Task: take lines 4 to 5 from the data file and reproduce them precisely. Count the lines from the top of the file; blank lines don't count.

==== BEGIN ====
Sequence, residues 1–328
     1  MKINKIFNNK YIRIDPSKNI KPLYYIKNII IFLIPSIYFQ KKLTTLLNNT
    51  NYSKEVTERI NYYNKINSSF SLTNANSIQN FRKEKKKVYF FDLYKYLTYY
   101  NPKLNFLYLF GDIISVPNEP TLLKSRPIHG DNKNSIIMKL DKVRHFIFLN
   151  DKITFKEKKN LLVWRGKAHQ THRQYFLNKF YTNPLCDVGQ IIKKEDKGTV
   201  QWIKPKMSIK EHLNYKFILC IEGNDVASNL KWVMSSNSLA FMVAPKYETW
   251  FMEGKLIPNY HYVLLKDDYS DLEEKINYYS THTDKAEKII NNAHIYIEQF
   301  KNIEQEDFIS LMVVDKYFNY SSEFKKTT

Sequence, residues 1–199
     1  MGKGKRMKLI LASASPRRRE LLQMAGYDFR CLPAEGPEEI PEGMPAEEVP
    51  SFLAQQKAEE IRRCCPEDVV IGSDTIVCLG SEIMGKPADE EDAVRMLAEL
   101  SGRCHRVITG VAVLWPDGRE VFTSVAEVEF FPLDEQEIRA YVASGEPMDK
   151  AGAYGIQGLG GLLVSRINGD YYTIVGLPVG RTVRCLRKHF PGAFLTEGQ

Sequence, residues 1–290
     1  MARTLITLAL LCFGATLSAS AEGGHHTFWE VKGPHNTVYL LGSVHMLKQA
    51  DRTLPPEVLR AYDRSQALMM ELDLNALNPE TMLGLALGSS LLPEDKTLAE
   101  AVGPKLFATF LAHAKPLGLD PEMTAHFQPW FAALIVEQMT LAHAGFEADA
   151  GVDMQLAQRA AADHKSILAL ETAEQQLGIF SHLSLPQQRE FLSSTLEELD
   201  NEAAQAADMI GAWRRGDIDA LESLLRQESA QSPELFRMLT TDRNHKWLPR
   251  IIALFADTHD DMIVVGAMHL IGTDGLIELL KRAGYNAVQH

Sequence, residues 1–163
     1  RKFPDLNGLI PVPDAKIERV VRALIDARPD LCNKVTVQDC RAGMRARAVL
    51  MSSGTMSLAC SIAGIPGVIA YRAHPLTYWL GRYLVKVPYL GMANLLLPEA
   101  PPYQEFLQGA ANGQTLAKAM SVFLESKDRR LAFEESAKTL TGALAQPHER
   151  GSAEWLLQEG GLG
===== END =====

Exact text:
   101  NPKLNFLYLF GDIISVPNEP TLLKSRPIHG DNKNSIIMKL DKVRHFIFLN
   151  DKITFKEKKN LLVWRGKAHQ THRQYFLNKF YTNPLCDVGQ IIKKEDKGTV